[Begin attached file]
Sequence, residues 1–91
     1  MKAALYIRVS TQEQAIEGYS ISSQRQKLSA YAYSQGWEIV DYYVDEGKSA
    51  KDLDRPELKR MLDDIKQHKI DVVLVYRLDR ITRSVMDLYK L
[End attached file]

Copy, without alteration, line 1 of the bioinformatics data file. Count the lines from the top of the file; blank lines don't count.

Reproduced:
Sequence, residues 1–91